I bought one MacBook Pro that I couldn’t use because it hurt my hands. So Chris got to inherit that one, and then I really needed another one. And I ended up going to a local computer store and seeing if they had any stock. And they actually had stock of like a two, three year old laptop, out the back that was a brand new unopened MacBook Air from the era that I wanted. So I ended up buying that like $2,000. Ayway, I’ve been hammering these laptops and um, they both shit their pants at the start of this year, one shit its pants completely and needed its battery replaced for like the third time. I’ve just like kept on replacing these phone batteries. I thought I’m just gonna have to put this one out to pasture. And the other one, as soon as I had a couple of tabs open, just started dying.

And so I thought, this is ridiculous. I just need to now upgrade to a new brand new spanking laptop. Thankfully they’ve changed the form and changed the keyboards back to something that I can use. So it’s just arrived. I’m very excited. I’m very finicky about the laptops I use and I did feel guilty about that for a while, and my husband was like, what are you talking about? Writers always have like this one fucking vintage typewriter that they could only write with, you know, or one type of pen or one type of paper. So it’s okay for you to be very finicky about the one tool of your craft. So I appreciated that.

I’m very thrilled to have a new MacBook Air and Long, may it live? Long, may it live. The one has already died is a running joke between me and my friend Tam because years ago when we were living in Canberra. She was visiting me and we were doing a live stream that went for hours and hours. I think I was running a launch for the academy. And we weren’t gonna stop live streaming until we hit a certain number of members. <laugh>, I think we live streamed like four or five hours. We got beers at one point and went out to the garden and having a fabulous time on the live stream and knocked over a beer onto the laptop. And we thought that was the end of days for that laptop. And no, it’s kept on going.

And I think it actually improved. I think it improved the quality of it. I’m just joking. We did have to, years later we had to replace the keyboard, but I’ve always had such good traction with my Mac laptops. They just last me for a fucking age and I use them like workhorses. So anyway, that’s my very excited <laugh> new laptop vibes update. Let’s get back into the content that I really want to talk to you about today, which is about mistakes that I’ve made. So the some more mistakes that I made last year was, and this is a very small one, but I think it’s important. So my whole ritual at that point was when I was in the car and I had something to say, I would pop my Anchor app on record and I’d shove it down the top of my overalls or whatever I was wearing and just talk into it while I was driving my car.

And I had to do a lot of driving at that point to do school run. So I always had plenty of opportunity to do that. And then at one point my app started malfunctioning and I would record a whole bunch of stuff and then it wouldn’t save. And it was so frustrating and I kept on happening over and over and over again. I’d finish the end of the drive, I’d press stop, I’d press save, it wouldn’t save, it just disappear. And I was like, well, fuck, I just spent all that time. And so I ended up repeating myself over and over again. It still wouldn’t save. And then I was always in a rush by the time I got to the end of the destination. And so I wouldn’t think to fix the app or troubleshoot what the issue was.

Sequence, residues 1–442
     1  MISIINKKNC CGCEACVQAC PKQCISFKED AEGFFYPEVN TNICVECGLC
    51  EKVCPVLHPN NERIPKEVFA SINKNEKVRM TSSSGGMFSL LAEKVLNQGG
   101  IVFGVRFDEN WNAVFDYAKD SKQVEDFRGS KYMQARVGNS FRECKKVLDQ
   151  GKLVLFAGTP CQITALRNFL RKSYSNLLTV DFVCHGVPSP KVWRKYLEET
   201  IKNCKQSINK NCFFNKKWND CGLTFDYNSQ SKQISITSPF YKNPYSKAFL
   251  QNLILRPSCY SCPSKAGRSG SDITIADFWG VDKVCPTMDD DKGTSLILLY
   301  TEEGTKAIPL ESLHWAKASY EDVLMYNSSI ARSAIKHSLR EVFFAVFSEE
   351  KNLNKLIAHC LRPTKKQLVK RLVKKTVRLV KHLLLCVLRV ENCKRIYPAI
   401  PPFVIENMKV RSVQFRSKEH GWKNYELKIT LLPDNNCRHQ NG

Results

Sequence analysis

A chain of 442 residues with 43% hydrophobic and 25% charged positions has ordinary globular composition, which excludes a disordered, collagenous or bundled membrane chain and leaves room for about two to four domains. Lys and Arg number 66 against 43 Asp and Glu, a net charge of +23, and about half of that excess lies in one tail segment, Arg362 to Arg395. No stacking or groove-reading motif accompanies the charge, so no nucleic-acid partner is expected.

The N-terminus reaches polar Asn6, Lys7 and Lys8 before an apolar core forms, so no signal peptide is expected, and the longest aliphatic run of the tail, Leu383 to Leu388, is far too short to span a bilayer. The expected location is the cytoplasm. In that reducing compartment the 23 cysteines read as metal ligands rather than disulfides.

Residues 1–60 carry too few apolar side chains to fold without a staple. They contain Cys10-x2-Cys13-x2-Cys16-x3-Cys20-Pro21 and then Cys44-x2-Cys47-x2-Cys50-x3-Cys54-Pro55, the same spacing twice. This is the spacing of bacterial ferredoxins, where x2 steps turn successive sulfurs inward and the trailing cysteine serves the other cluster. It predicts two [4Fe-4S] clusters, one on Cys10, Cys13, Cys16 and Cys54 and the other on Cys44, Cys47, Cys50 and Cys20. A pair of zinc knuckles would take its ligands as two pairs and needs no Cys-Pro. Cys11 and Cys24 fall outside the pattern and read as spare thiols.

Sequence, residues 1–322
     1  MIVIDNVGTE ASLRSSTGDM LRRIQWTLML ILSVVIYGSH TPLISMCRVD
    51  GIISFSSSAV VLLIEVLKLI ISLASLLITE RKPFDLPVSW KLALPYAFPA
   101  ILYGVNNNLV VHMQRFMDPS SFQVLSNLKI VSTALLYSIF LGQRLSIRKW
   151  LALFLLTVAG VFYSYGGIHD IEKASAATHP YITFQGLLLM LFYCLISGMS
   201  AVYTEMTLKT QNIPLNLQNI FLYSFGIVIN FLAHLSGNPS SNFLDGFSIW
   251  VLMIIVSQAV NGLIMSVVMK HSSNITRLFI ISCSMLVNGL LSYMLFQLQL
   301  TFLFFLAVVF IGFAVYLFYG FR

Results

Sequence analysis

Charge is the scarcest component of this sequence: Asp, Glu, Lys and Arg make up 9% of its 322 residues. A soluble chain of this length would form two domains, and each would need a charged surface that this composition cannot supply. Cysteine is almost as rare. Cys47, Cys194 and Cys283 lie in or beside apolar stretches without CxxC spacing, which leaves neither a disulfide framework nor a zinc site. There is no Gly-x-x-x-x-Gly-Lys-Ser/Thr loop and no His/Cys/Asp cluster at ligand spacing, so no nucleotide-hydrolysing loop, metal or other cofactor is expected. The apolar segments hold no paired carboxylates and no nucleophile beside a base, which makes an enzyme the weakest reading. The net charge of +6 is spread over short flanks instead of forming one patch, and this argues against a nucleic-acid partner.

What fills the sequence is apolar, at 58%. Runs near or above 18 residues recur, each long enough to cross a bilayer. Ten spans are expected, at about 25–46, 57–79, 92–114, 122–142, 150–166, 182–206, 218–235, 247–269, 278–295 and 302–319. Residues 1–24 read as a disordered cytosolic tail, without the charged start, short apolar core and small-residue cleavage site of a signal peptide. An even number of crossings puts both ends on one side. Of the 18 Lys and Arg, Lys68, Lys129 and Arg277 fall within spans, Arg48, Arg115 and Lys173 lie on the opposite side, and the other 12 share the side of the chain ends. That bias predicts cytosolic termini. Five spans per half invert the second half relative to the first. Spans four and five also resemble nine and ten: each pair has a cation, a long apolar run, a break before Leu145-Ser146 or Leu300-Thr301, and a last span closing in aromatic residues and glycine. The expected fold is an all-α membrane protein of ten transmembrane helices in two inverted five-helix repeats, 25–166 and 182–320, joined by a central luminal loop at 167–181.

So, for a few months there, I didn’t really podcast purely just because I kept on having this app issue and my whole recording process was fucked. Looking back on it, I was like, probably could have spent a couple of minutes at home, sent myself a message like, fix that fucking app because do the podcast, actually publish the podcast. But I didn’t. Other issues I think I had was I started doing this tradition of monthly review posts about my business and my life, and it would include a lot of pitches and data or statistics, all that kind of stuff. And it was fun to start off with, but then it started feeling like a real chore and they were quite a lot of work to pull off and not just in a way where I can just like creative stream every thought that I had.

It was just that there’s lots of components to it. And so and so I started feeling hemmed in by that formula and I don’t do well with formulas and I don’t do well with the consistency of creating the same thing over and over again. I think part of the issue was is that usually I would like do a little write up about the things I’d done that month, and they were usually in dot point form. And so I would end up sharing things on there, like things I’ve done that ordinarily I would write a long blog post about that really went into the depth and the details and how it felt and all those experiences. But because I was doing this formula, then I would write this content that was just more dot point and I just don’t feel like I was my best creative work.